Bleeeeeeeeeergh. Well … 3.1 pounds isn’t terrible, but it isn’t great by any means. I’m hoping some of this is just water weight, but it probably isn’t. I’m a little disappointed; I was hoping I’d be around 131 to 132, and then if I only lost a pound a week I’d still be in pretty decent shape by the time Thanksgiving rolled around. I’m going to count calories in between now and then, but I’m also not going to starve myself trying to get into my 120s. At this point, I’m just concerned with keeping my weight at a reasonable level throughout the holidays.

OK, that’s a lie: I’m going to be really disappointed if I’m not in my 120s by the day I go home for Thanksgiving. We’ll see!

But, now it is time for Yoga. I’m in the middle of another tiredness spell, though (I slept 10 hours the other night! WTH?), and I really just want to go to bed. There will probably be a hiatus coming up soon, too; I’m eying my syllabi (hur hur, rhyming), and I have four final papers due in three weeks, and they range in length from 6 pages to 20, so I’ll need to get cracking on those ASAP, particularly since I also have a video project due and a final exam in Politics around that same time. Be glad you are not a college student, unless you are a college student, in which case it sucks to be us, amiright?

I Scream, You Scream, We All Scream for … Yogurt?

Happy Halloween! Personally, I’ll be dressing up as “college student stuck working in the media lab all day” for the holiday. How about you?

Man, I wanted nothing more than to sleep in today (I have been exhausted the last few days, and so has everyone else, it seems; a lot of people I’ve talked to report being mad tired), but I just could not stay asleep; I woke up at 5 a.m., then again at 6 and finally relented and got up when I woke up 7. Ah, well. We only have one functioning washing machine in the dorm right now, so my early-riserness actually worked out well as it allowed me to get some laundry done while everyone else was still asleep/not using the washing machine for once.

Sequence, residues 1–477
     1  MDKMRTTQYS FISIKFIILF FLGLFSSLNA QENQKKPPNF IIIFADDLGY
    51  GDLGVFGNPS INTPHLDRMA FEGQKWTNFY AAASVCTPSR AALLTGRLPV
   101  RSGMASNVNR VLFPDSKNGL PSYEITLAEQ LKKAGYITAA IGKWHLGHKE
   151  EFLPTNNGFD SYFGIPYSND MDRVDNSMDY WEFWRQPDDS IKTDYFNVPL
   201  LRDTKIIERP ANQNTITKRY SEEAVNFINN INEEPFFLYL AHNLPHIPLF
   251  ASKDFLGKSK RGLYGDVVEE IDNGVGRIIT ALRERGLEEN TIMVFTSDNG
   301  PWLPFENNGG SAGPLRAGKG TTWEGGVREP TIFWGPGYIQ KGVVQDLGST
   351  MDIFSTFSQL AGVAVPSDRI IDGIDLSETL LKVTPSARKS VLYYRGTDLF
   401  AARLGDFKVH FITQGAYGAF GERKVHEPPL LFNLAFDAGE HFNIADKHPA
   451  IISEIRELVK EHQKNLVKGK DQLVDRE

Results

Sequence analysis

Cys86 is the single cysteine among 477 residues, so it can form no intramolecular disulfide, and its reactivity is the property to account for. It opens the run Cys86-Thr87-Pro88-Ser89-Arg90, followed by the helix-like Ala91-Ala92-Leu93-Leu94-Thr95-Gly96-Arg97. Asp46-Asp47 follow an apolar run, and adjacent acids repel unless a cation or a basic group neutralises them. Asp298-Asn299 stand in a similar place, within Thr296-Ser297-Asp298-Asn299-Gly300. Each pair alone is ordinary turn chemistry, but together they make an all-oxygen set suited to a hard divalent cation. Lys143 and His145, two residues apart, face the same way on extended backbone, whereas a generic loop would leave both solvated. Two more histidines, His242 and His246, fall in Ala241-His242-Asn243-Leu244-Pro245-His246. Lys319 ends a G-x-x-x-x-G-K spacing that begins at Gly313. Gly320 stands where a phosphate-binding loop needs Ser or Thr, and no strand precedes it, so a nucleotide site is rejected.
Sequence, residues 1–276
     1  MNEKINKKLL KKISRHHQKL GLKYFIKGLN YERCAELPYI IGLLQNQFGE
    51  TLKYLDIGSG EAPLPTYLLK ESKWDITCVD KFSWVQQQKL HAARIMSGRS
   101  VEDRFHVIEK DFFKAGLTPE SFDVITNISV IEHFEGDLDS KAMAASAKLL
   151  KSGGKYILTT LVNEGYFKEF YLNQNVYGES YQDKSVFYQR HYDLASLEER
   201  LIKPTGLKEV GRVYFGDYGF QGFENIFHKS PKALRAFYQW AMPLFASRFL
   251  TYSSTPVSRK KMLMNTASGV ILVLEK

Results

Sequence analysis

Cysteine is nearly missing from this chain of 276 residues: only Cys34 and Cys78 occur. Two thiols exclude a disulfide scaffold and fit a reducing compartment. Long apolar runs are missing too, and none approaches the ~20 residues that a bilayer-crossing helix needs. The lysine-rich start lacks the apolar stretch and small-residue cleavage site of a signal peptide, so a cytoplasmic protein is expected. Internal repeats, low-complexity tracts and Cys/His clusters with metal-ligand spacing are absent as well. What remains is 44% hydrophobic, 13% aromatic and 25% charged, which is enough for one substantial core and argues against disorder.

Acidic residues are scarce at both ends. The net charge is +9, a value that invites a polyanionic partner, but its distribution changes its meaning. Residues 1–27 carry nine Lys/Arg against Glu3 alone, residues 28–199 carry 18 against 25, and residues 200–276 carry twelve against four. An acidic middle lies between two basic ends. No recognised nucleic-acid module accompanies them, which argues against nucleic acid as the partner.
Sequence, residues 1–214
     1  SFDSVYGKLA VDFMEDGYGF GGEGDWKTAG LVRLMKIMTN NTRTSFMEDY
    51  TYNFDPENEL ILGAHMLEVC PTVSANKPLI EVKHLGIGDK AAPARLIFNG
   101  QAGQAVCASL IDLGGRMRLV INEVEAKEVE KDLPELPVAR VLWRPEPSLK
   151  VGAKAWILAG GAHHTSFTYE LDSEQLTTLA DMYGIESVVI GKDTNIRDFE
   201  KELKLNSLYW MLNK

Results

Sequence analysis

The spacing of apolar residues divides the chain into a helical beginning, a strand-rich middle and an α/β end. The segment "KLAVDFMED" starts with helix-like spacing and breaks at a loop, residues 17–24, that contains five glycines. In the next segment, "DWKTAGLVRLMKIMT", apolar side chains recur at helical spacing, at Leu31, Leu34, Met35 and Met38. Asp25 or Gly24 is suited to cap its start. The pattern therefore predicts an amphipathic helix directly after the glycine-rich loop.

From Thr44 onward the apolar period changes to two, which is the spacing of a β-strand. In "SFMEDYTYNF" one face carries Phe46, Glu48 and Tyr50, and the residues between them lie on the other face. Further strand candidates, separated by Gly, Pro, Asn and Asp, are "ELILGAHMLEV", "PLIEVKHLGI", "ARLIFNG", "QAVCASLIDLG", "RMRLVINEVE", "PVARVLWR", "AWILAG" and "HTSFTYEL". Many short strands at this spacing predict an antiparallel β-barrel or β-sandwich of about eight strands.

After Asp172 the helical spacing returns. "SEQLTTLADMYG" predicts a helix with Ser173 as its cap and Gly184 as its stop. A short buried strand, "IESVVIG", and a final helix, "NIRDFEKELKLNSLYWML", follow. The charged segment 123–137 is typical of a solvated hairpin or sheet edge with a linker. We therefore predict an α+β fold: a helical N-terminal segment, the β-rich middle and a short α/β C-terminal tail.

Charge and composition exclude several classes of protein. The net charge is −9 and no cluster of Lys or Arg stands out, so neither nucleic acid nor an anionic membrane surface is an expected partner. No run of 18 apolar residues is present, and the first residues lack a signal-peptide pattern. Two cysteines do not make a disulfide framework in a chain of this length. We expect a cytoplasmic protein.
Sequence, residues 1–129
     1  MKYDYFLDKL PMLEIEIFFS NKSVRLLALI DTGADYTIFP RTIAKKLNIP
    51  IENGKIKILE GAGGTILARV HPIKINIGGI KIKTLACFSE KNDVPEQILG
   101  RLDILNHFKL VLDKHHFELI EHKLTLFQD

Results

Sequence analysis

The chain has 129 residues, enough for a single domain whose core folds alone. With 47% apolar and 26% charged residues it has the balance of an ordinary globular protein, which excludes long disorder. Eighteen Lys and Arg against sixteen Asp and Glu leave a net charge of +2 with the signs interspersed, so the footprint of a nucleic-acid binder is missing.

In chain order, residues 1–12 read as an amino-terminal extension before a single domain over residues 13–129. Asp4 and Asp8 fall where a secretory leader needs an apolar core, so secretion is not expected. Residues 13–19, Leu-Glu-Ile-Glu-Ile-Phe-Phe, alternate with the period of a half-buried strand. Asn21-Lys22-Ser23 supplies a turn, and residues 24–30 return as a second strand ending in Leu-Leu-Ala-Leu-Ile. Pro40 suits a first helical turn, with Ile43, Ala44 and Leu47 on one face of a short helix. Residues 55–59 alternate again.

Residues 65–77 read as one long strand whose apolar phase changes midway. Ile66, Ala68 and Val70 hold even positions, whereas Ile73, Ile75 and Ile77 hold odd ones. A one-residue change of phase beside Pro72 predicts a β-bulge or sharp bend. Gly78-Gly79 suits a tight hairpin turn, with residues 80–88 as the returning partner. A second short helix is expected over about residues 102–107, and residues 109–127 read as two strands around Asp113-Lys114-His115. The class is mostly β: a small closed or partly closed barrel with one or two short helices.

Have you ever tried peddling backwards on an elliptical? I gave it a go for the first time yesterday (it’s a Cardio Week, and I decided to swap out my “Free Runs” for “Free Choice” cardio sessions; I missed including different equipment/tapes in my regular workout cycle) when I spent a workout switching off between the treadmill and the elliptical, and it was RIDICULOUSLY hard. Originally, I planned to do 10 minutes forward-peddling followed by 5 minutes of backwards-peddling, but I could only go backwards for a minute! It’s nice to feel challenged, though, and now I have a new excercise with which I can measure fitness improvement. Woot. Today, though, I am definitely going for a walk: I don’t think my thighs could tolerate anything else.

I’m down seven-tenths of a pound today! Come on, body! Two more pounds and we’re back in the sweet spot.

In other news, Allison over at Balance in Bites is giving away Greek Yogurt! Mmm, greek yogurt … So high protein, so tasty. Also, so expensive, so it’s certainly worth your while to enter this contest and potentially score some for free. To enter, just head on over to this post and leave a comment telling Allison your favorite way to eat yogurt.

Brandeis Lecturers: Hank Klibanoff